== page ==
With the reconfigured line up the biggest development in the band since their last LP, first question, how has the band changed since Justin and Elliot joined? "They’re refreshing because they’ve brought a different energy to the band," Russell explains from his hotel room. "They’re their own personalities. They stamp that onto the music which is important. A lot of the songs do feel refreshed and also it sounds bigger. There’s three guitars, so we make quite a racket."

Another change, albeit a planned one, was the arrival of a new producer, maintaining the band’s tradition of having a different set of ears behind the recording desk for each album. With former occupants in the role including Flood and Jacknife Lee, figures who possess an exemplary CV featuring some of the best bands of the past twenty years between them, a similarly big-hitting presence was required.

Jacquire King, triple Grammy Award winner for his work with Kings of Leon, Tom Waits and blues singer Buddy Guy was, therefore, approached to be fill the vacant seat on the other side of the recording studio glass.

"To go to America was something we’d always wanted to do as a band. When Jacquire said he wanted to go to Nashville and record the album, we were more than happy to do that," Russ explains of the sessions Stateside. "It’s not his studio but he likes to work out of Studio G (Blackbird Studios). It’s a brilliant room," the bassist enthuses.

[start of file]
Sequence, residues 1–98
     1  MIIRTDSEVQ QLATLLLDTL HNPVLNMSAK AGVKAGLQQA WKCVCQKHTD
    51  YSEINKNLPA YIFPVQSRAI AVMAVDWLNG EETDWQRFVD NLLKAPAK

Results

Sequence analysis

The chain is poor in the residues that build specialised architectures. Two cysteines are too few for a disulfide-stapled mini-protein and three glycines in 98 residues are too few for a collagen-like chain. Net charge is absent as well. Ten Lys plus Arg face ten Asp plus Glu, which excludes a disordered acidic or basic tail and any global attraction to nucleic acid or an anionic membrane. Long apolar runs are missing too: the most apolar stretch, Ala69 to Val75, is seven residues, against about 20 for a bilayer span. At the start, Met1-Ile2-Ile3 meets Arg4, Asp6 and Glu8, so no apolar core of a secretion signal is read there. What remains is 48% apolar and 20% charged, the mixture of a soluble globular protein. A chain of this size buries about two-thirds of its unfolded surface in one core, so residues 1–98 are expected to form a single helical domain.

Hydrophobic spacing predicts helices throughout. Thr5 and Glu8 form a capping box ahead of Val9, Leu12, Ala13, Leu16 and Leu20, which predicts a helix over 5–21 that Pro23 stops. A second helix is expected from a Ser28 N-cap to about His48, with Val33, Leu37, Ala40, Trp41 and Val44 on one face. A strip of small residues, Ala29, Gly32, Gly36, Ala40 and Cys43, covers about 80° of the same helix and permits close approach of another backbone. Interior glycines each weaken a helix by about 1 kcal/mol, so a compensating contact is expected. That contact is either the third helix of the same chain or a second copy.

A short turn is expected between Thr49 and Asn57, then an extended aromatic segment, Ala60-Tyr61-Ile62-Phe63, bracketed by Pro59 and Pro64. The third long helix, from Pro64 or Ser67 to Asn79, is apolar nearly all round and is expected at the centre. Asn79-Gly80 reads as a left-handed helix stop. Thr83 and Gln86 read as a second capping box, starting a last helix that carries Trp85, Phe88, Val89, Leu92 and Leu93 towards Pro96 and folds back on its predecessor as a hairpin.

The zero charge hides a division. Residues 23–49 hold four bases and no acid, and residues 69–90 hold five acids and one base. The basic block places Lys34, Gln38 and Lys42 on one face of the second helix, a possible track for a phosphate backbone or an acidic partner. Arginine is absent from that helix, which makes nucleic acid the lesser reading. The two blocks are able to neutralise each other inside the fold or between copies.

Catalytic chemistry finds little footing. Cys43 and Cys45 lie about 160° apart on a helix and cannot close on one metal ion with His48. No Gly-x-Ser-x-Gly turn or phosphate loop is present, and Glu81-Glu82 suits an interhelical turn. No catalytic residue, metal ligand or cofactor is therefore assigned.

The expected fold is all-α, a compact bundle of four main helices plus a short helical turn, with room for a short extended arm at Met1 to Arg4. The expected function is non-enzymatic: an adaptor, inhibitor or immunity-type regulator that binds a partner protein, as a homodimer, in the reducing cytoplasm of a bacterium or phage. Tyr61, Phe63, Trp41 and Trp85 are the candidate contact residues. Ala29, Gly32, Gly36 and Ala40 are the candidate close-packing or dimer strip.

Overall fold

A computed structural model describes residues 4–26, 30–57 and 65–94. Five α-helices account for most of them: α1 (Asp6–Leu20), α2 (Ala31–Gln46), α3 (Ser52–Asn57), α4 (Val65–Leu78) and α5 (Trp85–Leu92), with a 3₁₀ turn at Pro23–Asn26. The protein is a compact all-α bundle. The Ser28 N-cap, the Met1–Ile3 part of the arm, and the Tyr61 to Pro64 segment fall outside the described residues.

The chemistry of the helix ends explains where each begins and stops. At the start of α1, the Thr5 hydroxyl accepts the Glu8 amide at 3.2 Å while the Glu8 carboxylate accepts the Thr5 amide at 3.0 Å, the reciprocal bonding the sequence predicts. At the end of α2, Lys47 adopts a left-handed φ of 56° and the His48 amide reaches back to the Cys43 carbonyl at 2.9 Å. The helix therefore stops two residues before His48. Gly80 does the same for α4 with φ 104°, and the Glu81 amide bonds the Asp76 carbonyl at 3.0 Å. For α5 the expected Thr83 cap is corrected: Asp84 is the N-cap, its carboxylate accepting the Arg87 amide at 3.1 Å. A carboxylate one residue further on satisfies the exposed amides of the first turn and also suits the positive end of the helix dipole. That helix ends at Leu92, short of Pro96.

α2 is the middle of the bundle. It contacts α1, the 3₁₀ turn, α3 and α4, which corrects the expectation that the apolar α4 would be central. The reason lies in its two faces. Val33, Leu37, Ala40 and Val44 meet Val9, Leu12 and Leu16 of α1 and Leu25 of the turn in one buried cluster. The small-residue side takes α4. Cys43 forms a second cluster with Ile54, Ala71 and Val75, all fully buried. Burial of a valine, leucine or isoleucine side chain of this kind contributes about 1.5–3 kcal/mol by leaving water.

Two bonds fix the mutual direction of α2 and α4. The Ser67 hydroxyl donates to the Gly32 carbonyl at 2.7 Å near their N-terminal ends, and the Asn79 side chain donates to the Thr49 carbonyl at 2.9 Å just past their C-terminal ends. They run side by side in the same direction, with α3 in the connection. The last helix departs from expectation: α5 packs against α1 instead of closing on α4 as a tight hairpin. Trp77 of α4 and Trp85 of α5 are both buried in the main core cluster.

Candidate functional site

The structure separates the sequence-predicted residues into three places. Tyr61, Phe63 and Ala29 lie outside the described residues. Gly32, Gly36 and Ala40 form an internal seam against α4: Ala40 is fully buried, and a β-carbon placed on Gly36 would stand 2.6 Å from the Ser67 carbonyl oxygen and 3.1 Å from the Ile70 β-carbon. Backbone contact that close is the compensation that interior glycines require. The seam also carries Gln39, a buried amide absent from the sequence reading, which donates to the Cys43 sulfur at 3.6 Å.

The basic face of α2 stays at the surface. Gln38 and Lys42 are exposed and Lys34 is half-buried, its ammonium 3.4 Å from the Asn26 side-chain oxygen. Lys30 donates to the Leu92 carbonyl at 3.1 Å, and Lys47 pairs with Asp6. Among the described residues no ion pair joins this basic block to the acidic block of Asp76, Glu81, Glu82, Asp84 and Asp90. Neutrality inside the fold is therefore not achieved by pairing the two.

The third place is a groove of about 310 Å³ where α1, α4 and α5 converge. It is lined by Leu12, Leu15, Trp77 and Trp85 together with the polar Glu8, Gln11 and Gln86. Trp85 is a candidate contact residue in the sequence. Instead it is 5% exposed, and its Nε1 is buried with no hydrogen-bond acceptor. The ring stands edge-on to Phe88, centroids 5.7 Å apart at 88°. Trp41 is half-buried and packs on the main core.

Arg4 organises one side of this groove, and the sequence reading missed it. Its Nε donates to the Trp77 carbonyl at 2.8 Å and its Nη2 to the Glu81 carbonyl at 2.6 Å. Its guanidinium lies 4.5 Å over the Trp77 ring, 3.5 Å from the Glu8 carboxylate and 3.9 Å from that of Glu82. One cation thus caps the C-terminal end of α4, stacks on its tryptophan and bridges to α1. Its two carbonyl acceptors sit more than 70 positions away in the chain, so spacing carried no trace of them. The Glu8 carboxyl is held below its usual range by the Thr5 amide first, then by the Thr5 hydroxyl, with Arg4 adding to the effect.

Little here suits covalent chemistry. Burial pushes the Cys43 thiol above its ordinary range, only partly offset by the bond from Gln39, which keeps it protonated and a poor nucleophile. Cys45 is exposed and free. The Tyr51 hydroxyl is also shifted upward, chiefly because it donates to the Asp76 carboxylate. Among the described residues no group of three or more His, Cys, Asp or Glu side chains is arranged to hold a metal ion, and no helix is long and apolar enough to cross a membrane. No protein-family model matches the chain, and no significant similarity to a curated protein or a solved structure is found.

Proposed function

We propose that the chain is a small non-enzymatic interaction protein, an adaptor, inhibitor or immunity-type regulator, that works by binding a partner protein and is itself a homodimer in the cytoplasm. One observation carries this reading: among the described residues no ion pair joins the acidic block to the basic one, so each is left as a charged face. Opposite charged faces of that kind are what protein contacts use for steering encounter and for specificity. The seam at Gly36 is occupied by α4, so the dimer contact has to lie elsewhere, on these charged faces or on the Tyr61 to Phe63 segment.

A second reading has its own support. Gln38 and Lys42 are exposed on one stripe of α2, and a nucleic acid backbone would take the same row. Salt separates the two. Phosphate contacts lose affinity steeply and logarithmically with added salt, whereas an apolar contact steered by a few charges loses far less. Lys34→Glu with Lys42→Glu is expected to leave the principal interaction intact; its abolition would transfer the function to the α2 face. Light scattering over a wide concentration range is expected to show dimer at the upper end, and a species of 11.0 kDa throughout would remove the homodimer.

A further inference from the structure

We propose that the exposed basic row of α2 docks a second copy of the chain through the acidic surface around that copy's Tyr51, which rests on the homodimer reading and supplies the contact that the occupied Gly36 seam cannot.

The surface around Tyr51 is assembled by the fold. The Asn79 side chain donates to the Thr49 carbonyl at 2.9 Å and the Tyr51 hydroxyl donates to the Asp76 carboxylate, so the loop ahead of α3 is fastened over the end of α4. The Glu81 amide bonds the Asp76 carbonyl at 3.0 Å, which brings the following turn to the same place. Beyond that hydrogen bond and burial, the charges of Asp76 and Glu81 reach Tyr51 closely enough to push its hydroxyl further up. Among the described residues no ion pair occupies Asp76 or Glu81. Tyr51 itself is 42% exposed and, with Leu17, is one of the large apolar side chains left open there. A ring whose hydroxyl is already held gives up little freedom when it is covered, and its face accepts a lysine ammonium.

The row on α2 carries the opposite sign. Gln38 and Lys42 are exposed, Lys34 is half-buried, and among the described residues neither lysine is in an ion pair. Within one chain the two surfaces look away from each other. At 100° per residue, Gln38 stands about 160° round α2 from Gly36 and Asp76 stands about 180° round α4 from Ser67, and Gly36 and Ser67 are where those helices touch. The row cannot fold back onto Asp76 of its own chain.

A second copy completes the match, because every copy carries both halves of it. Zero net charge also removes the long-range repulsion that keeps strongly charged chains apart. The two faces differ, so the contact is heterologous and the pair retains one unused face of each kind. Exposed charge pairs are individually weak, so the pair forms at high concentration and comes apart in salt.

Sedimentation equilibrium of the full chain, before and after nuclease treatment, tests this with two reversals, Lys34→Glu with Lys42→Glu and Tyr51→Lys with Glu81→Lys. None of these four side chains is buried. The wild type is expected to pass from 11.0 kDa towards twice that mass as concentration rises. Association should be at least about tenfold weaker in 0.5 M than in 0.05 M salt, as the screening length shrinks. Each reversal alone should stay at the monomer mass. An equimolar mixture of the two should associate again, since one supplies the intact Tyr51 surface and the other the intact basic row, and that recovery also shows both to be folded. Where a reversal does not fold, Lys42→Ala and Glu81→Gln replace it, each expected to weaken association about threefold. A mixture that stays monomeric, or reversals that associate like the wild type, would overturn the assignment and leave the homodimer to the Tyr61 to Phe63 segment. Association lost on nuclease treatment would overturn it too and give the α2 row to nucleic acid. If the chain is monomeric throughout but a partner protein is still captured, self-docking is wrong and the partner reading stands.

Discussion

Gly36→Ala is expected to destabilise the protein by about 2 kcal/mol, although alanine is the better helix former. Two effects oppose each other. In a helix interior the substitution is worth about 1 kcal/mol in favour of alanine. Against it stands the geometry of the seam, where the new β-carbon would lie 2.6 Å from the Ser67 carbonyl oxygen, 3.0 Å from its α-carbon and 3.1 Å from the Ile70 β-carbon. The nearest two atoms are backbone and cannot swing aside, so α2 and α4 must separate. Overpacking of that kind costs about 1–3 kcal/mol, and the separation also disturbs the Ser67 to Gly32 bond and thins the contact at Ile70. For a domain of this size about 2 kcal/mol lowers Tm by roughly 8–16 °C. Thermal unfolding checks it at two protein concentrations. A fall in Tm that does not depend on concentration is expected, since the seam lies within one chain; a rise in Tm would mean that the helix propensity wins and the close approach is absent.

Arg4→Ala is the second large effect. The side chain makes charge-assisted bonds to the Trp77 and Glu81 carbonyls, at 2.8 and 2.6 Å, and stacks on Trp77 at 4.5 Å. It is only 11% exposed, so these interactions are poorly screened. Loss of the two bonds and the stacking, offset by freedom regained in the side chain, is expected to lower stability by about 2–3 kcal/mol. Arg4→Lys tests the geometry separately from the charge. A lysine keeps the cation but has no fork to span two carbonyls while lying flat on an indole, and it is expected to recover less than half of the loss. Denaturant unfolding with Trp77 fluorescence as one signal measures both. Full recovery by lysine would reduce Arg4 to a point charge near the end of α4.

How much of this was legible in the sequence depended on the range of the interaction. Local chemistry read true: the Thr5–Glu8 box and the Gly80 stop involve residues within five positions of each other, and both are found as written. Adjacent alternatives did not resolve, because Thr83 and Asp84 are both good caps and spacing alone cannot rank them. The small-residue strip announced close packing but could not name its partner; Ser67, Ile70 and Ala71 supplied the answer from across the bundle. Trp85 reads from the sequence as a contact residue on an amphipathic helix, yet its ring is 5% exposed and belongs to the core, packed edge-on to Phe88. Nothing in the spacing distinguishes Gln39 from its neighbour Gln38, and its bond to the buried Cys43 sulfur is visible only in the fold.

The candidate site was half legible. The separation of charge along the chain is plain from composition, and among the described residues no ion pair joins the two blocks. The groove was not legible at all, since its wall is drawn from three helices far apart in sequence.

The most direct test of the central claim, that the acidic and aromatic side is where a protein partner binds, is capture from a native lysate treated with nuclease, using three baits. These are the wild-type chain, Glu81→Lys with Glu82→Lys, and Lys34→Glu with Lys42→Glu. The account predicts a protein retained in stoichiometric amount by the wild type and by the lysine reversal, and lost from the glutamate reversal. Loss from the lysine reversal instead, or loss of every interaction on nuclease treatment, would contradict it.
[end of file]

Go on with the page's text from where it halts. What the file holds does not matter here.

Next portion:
After working with a troika of British production talent, Jim Abiss, Jacknife Lee and Flood, what prompted the decision to approach to cast the net wider and approach Jacquire? "The amount of artists that he’s worked with and what the artists bring to it," Russell states. "We didn’t just look at his work with Kings of Leon, although I think the third record he did with them (‘Because of the Times’ 2009 - Ed) was very good, but the other artists like Tom Waits and Modest Mouse," Russell explains. "We knew that he’d worked with bands that liked songs, that liked to record as a group, organically, so we thought that he was going to be quite a good fit. Also he’s somebody who’s a little bit out of the box for Editors. That’s why we chose him."